MPs back calls to drastically cut legal drink-drive limit to less than half a pint

A glass of wine or half a pint of beer should put motorists over the legal limit, say MPs.

An influential Commons group has given powerful backing to calls for a drastic cut in the amount of alcohol drivers could drink.

The Transport Select Committee said there was a 'growing consensus' that the legal limit should fall from 80mg of alcohol per 100ml of blood to just 50mg.

'One for the road' could become 'none for the road'

'Whereas, at present, drivers might think they can consume one or two alcoholic drinks and remain under the limit, the lower level would make it clear that "none for the road" was the only option,' the committee's report said.

It piled pressure on the Government just weeks after Roads Minister Jim Fitzpatrick angered road safety campaigners by ruling out plans to cut the limit to 50mg - the legal maximum in most of Europe.

It attacked the Government's failure to tackle deaths caused by drink-driving which remained the same as in 1998, at 460 a year.

The committee also urged ministers to ban novice motorists from drinking any alcohol at all, and for tougher penalties for alcoholrelated offences.

The 'none for the road' call was welcomed by road safety campaigners.

Carole Whittingham of the Campaign Against Drinking and Driving, said: 'We have got to make the laws black and white and get rid of the grey areas. If you want to drink, you shouldn't be driving, and if you're driving, you shouldn't be drinking.'

linked-image

Cathy Keeler of the road safety charity Brake called a limit of 20mg. She said: 'Lowering the limit would remove any question in people's minds about whether they could have a drink or not.'

Liberal Democrat transport spokesman Mark Hunter said: 'It is a travesty that drunk drivers still kill as many people now as they did a decade ago. Ministers must now agree to reduce the drink-drive limit, in line with other European countries.'

Part of the problem is that drinks served in pubs tend to be bigger and stronger than years ago, so that customers fail to realise how much they are consuming.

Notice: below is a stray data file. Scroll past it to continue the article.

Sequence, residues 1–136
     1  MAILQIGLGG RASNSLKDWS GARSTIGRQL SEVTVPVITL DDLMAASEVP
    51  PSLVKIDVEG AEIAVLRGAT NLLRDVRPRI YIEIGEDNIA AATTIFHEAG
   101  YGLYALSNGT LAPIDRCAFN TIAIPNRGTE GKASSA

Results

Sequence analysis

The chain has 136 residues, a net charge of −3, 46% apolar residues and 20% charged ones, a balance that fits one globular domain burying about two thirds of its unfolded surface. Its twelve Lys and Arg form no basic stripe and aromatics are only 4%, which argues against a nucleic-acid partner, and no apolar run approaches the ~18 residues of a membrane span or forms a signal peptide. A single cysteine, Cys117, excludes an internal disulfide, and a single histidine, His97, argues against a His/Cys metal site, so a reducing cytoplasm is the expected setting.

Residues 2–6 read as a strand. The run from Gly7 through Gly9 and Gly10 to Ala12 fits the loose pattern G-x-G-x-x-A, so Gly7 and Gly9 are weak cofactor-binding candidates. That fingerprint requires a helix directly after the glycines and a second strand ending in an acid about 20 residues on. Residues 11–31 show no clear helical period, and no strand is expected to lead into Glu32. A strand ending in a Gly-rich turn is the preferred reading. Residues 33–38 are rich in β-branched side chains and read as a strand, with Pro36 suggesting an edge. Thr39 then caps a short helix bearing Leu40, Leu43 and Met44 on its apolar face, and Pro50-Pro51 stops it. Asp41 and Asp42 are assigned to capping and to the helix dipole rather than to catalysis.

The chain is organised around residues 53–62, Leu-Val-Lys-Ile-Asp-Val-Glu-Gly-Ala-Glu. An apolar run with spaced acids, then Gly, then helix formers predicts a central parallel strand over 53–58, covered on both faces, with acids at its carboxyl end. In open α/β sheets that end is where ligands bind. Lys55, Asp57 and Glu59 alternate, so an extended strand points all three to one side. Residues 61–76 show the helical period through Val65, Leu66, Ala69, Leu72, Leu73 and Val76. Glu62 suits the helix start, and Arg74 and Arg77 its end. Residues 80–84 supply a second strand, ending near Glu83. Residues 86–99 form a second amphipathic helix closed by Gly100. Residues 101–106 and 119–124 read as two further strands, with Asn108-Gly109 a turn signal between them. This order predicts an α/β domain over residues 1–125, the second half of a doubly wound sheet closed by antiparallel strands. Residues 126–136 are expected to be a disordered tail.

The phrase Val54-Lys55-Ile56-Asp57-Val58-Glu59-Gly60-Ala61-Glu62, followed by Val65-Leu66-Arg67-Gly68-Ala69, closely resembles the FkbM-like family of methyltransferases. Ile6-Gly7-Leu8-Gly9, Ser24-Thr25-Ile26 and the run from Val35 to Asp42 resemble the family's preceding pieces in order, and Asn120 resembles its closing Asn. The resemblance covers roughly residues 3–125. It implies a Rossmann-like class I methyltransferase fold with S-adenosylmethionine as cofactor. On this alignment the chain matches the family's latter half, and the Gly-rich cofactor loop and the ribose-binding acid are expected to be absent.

However ministers are understood to be anxious that lowering the limit could double the number of disqualified drivers from 100,000 to 200,000 a year, creating a drinkdrive underclass.

The report by the Labour-dominated Transport Select Committee-published today, said there were 2,946 road deaths last year. A quarter of a million people were injured.

It said: 'It is inconceivable that any transport system invented today would be accepted, no matter what its benefits, if it involved this level of carnage.'

Louise Ellman, Labour chairman of the committee, said: 'The number of deaths and injuries on our roads far outweighs those in other transport modes or in other workrelated accidents.

'We need to start seeing this not only as a collection of individual tragedies but also as the major public health problem of our age.'

Ministers were criticised for the 'slow and expensive' process of introducing 20mph zones in residential areas, town centres and schools.

The committee said that while in Germany 10,000 'home zones' - where traffic must not exceed 20mph - had been created, and in Austria the entire city of Graz operated the speed limit, it had only been achieved in a 'handful' of places in the UK.

The Department for Transport said the focus of a forthcoming consultation on drink-drive accidents would be on making it easier for police to catch motorists exceeding the existing limit, rather than lowering the alcohol limit.

A spokesman said: 'The number of people killed in drink drive accidents each year has been cut by almost three quarters since 1979 thanks to more than 30 years of Government campaigns and measures to improve enforcement.'

My view on drink driving is "if your gonna drive dont drink" anybody with an opposing view?

My view is if you drink and drive and kill someone it should be murder one.

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Well since the SOB's banned smoking every freakin where I rarly go out drinking anymore. Stay home have friends over get smashed with g/f what ever but ya never drink and drive just plain stupid. I can't believe I'm still alive or that I didn't kill anybody, when I was a punk *** kid I did drink and drive and yup very stupid got lucky back then and won't ever risk that again.

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For me this is very easy: If you are strong enough to drink, you are strong enough to walk home.